Travellers from the UK, EU, US and Australia do not require a visa to enter Tunisia for visits lasting less than 90 days. Visa regulations can change however and so we recommend that you contact your nearest embassy for the most up to date information.
Health and vaccinations
We are not medically qualified and so we recommend that you speak to your doctor or nearest health professional for advice concerning recommended vaccinations. For more advice on vaccinations you can also visit www.fitfortravel.nhs.uk
It is a condition of joining our tours that you have suitable travel insurance in place, and we cannot accept travellers without insurance. All policies differ in terms of what they will cover, but as a minimum you need medical and health cover, which will cover you for the whole time that you are away. Most policies will also include cancellation cover, which will cover you if an unforeseen circumstance obliges you to cancel your trip. We recommend that you obtain your insurance as soon as you book your trip.
Please note that government travel warnings often affect the validity of your travel insurance, and you should check this with your insurance company.
Tunisia’s local currency is the dinar, which you will not be able to obtain from your local exchange bureau. We recommend taking Euros for exchange purposes. Changing money is fairly simple – many hotels will offer this service and there are also banks and exchange bureaus in larger towns. Your guide will be able to advise of the best option. Most towns also have ATMs which accept foreign cards, although don’t count on these always working.
When travelling to some of the destinations we offer you need to bear in mind that things won’t always work here as we’re used to them working at home. Travelling in underdeveloped and untouristed destinations requires both patience and a sense of humour. There may be problems with infrastructure, attitudes may be different, and maintenance may not be as high a standard as we would always like, but this is very much part and parcel of travelling in such a place.
In addition, roads throughout the parts of Africa that we visit are often poorly maintained (if at all!) and distances between key sites of interest can be long. Travelling in Africa can be tiring, hot and dusty at times, and inevitably it can be frustrating. While there are some issues that we are able to solve, others are intrinsic to the countries that we travel through, and you should be aware that many of the countries that we operate in cannot be compared to others on the continent that have better infrastructure – for example the popular tourist destinations of east and southern Africa.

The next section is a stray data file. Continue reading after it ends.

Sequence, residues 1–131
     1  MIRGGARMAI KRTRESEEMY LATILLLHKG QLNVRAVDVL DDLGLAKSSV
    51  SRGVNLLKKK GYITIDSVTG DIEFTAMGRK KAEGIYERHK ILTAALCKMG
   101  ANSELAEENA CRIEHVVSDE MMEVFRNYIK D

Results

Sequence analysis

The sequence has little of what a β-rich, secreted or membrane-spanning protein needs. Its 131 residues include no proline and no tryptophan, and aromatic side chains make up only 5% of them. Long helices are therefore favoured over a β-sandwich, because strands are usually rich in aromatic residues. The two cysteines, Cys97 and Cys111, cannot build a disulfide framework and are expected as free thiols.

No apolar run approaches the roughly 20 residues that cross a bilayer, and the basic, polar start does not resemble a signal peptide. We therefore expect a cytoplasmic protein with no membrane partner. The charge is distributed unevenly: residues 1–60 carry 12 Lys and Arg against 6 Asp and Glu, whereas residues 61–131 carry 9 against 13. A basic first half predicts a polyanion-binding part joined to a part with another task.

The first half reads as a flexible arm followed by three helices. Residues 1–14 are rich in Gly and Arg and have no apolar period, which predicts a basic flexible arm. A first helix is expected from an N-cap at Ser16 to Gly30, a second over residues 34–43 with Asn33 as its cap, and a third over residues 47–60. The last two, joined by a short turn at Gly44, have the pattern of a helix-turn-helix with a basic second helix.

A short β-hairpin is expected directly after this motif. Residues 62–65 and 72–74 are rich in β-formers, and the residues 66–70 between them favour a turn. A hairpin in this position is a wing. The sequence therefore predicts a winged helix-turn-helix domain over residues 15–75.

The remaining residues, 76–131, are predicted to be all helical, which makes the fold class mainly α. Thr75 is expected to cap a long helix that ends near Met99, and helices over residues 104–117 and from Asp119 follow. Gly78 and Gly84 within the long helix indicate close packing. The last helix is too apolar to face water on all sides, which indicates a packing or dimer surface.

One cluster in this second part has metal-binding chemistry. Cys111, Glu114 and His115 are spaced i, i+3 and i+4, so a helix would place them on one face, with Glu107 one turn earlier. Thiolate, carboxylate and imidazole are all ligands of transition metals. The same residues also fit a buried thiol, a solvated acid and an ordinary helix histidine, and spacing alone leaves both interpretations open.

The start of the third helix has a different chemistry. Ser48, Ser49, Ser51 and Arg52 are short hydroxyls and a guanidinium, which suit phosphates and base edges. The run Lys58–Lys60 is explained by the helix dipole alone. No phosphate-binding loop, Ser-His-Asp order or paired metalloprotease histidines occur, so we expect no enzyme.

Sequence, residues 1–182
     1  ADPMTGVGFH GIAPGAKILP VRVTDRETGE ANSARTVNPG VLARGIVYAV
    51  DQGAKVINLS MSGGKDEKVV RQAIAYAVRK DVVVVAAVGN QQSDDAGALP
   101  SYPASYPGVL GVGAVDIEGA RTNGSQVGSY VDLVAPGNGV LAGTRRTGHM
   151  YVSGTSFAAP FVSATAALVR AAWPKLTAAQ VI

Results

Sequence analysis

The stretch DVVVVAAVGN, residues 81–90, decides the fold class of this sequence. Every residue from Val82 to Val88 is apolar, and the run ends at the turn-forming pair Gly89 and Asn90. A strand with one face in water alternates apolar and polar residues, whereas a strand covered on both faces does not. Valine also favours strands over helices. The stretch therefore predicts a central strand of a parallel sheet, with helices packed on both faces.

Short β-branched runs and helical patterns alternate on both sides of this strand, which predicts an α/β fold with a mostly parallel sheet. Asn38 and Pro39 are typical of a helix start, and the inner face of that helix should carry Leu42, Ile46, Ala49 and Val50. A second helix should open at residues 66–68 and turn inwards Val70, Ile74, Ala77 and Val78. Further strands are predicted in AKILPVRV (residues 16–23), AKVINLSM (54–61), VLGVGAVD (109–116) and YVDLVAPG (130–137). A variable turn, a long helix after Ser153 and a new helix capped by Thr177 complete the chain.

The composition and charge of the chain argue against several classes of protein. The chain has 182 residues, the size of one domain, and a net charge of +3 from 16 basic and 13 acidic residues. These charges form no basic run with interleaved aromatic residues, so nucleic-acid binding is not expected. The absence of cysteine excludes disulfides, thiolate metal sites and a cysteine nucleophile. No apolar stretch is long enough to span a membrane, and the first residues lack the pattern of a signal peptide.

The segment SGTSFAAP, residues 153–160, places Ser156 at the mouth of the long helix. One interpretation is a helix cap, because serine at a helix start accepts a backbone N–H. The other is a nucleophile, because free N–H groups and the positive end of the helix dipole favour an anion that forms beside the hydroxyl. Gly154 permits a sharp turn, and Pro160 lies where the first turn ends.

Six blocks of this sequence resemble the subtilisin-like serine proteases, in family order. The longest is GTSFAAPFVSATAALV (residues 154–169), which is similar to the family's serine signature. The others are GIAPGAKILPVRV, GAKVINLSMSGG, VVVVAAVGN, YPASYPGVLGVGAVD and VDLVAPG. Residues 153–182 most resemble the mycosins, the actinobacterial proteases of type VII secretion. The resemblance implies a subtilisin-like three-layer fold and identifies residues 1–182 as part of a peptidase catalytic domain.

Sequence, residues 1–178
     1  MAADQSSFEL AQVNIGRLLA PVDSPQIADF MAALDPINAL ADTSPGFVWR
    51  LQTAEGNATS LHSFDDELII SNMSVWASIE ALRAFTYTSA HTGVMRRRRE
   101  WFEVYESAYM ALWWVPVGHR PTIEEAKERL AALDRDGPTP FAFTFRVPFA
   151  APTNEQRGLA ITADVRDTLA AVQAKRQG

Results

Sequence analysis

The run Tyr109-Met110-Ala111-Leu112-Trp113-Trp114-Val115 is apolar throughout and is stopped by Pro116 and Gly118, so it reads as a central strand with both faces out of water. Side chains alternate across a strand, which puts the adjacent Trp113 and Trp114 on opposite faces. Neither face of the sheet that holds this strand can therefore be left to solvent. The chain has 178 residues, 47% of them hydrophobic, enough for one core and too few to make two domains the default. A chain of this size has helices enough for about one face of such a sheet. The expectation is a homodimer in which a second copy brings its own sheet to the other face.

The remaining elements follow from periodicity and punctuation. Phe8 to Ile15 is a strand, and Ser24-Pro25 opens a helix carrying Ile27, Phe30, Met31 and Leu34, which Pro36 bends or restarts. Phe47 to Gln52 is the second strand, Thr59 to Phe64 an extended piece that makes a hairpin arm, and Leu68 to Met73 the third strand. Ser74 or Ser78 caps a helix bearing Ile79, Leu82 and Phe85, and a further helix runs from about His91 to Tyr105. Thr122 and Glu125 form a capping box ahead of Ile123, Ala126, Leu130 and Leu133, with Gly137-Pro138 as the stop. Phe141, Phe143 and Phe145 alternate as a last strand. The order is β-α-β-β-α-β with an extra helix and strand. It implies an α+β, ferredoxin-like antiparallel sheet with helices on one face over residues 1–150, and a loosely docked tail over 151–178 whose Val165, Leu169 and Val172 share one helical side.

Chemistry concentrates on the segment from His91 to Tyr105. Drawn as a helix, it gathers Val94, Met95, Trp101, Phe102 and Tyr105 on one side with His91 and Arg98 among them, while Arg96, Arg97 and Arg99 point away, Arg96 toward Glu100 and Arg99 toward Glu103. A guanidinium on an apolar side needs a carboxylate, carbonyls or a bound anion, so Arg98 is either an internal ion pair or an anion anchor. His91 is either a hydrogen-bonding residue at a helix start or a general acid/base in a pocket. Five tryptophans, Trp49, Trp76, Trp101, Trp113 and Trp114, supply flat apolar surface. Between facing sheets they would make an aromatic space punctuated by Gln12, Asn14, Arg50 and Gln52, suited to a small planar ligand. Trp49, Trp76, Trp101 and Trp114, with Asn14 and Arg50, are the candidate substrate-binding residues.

Although travelling in these countries can at times be an ‘unpolished’ experience, this is all part of the adventure. We aim to resolve any issues as quickly as possible, and putting up with a pothole (or ten) is undeniably worth it for the amazing sights and cultural experiences you will encounter along the way.
This is particularly relevant to this trip – it travels through some remote regions, some of which are largely isolated from the outside world and have very little experience of tourism whatsoever.
We keep a very close eye on the travel advice issued by the UK Foreign and Commonwealth Office so that we can keep you up to date with any warnings. At the time of writing the FCO advises against travel to some of the villages that we visit on Day 7, for the reason that they are close to the Algerian border.
We work very closely with our local team and are fully confident that we can operate tours safely in Tunisia. Should you have any concerns over safety please do not hesitate to contact us and we can address your concerns.
Please note that the information contained above is highly susceptible to change, and while we endeavour to keep up to date we recommend that you use this as a guide only. Should you have any questions, please don’t hesitate to contact us.
Updated July 2023